2025 Design-Your-Own Fellowship Applications are Open

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Megan Toomer

  • Hosted by Southern Center for Human Rights
  • Sponsored by King & Spalding LLP, The Clorox Company Foundation
  • Service location Atlanta, Georgia
  • Law school Emory University School of Law
  • Issue area Criminal Justice Reform, Incarcerated Peoples' Rights, Prisoners' Rights
  • Fellowship class year 2023
  • Program Design-Your-Own Fellowship

The Project

At the Southern Center for Human Rights, Megan will provide zealous parole advocacy for incarcerated people seeking their freedom before the Alabama Board of Pardons and Paroles.

The Alabama Board of Pardons and Paroles (the “Board”) has a history of denying parole applications. In 2018, 54% of incarcerated people were granted parole, and that number dropped to 31% in 2019, 15% in 2020, and just 3% in 2021. The low parole grant rate exacerbates overcrowding in the Alabama Department of Corrections, which results in dangerous and even fatal conditions within the state’s prisons.

Every person seeking parole needs and deserves zealous advocacy to ensure their testimonies are heard before the Board. The steep decline in the parole grant rate in Alabama, and Alabama’s dangerously overcrowded prisons, underscore the urgent need for parole advocacy.

Fellowship Plans

Megan’s project will train legal and non-legal volunteers to provide parole-eligible individuals with passionate advocacy before the Board. Legal and non-legal advocacy for clients will increase their likelihood of success in their parole hearings. During her Fellowship, Megan will develop relationships with firms and non-legal volunteers in Alabama and Georgia to create pro bono opportunities for volunteers interested in parole advocacy, create parole advocacy presentations to train volunteers preparing for parole advocacy, and collect data concerning parole grant rates during the Fellowship.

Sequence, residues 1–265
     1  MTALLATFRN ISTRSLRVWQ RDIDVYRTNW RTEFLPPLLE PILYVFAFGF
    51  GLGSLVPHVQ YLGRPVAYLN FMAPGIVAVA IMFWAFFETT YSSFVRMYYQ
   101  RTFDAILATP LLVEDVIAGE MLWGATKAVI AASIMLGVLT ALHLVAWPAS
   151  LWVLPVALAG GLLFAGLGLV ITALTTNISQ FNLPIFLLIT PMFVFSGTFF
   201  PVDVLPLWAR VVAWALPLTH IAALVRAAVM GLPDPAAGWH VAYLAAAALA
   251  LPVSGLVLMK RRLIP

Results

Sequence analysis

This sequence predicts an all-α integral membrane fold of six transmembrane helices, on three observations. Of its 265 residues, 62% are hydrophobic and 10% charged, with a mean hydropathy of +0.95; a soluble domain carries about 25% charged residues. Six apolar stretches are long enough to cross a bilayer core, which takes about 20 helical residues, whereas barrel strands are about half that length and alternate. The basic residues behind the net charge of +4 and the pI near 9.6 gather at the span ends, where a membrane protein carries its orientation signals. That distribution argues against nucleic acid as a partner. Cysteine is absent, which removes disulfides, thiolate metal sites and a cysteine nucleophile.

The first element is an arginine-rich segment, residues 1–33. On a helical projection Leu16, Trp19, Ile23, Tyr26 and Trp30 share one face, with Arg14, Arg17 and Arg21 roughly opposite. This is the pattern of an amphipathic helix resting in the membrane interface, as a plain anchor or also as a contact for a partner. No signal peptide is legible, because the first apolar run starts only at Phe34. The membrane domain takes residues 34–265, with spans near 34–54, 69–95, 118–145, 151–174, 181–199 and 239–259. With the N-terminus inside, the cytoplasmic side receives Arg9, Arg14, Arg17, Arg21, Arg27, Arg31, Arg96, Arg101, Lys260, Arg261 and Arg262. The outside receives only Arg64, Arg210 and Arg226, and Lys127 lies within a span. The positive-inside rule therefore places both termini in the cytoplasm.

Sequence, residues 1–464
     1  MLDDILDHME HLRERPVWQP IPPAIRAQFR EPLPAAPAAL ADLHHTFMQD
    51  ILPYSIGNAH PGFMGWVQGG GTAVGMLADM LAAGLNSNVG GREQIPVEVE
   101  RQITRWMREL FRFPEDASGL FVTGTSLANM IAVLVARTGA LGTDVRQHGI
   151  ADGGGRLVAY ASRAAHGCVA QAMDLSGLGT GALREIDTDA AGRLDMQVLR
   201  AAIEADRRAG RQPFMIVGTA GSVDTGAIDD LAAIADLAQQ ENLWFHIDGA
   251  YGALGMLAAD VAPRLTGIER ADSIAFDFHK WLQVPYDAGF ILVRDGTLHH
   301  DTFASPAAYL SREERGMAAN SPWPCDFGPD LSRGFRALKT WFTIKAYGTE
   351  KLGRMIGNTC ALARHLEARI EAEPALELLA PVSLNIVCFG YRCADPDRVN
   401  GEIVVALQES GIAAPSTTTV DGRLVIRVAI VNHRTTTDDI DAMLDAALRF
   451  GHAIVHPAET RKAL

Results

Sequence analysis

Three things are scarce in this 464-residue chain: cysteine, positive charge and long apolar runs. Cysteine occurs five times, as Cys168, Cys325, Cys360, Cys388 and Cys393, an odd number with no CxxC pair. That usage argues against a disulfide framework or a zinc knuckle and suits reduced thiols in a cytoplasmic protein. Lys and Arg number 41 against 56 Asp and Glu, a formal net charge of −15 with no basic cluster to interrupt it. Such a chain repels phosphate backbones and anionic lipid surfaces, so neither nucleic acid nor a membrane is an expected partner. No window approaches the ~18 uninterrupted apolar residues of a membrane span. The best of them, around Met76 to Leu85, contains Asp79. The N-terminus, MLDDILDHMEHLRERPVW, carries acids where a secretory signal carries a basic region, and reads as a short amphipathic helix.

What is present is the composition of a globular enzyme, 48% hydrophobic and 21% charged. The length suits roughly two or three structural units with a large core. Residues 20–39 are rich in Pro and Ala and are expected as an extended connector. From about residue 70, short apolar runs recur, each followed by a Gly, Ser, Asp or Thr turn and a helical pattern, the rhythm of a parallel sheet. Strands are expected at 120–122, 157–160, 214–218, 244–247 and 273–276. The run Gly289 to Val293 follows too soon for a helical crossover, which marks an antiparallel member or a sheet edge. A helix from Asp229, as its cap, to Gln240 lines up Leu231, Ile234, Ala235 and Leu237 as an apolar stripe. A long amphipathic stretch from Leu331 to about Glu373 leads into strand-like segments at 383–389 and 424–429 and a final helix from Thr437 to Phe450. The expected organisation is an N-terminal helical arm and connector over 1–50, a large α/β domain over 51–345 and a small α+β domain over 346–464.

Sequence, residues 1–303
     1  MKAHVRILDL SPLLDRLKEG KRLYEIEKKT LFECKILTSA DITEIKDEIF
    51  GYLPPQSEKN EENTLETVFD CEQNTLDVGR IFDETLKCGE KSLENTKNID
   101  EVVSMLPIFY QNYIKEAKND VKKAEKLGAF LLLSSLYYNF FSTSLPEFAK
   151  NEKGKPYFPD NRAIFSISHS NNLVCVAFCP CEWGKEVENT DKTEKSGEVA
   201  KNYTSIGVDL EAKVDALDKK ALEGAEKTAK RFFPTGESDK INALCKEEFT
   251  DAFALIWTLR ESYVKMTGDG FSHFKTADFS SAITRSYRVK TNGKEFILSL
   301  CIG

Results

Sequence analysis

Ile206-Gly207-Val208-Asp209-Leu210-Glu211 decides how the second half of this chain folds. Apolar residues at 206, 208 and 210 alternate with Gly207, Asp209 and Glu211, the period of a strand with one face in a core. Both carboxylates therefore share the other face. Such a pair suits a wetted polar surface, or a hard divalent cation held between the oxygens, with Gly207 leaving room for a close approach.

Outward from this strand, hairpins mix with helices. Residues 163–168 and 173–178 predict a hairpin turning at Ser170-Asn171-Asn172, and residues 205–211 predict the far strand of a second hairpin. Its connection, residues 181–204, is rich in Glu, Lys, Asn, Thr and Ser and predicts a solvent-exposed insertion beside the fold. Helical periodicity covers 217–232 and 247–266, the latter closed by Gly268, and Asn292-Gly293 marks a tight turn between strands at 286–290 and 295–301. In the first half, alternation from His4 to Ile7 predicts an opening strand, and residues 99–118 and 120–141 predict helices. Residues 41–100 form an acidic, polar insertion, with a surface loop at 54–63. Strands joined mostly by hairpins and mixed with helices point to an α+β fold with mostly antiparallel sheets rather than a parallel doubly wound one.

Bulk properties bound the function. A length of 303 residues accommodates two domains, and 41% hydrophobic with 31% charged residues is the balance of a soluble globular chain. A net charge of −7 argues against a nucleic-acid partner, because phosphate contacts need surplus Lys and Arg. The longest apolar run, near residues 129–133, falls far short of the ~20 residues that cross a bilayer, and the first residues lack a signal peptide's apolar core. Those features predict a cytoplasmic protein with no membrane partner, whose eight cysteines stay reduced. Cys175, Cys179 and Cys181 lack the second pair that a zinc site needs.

Many of Megan’s family members have been deeply impacted by the criminal legal system, whether from incarceration, juvenile detention, probation, or parole. Megan’s connection to the criminal legal system motivates her commitment to providing zealous parole advocacy for individuals seeking their freedom in Alabama.

The Alabama Department of Corrections disproportionately ensnares low-income people of color. I am honored to provide advocates in Alabama and Georgia with the tools to ensure incarcerated people, who are often silenced, have a meaningful opportunity to seek their freedom.

Megan Toomer /
2023 Equal Justice Works Fellow

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Lauren Kuhlik

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Lalita Moskowitz

Host: American Civil Liberties Union of New Mexico

Sponsor: Anonymous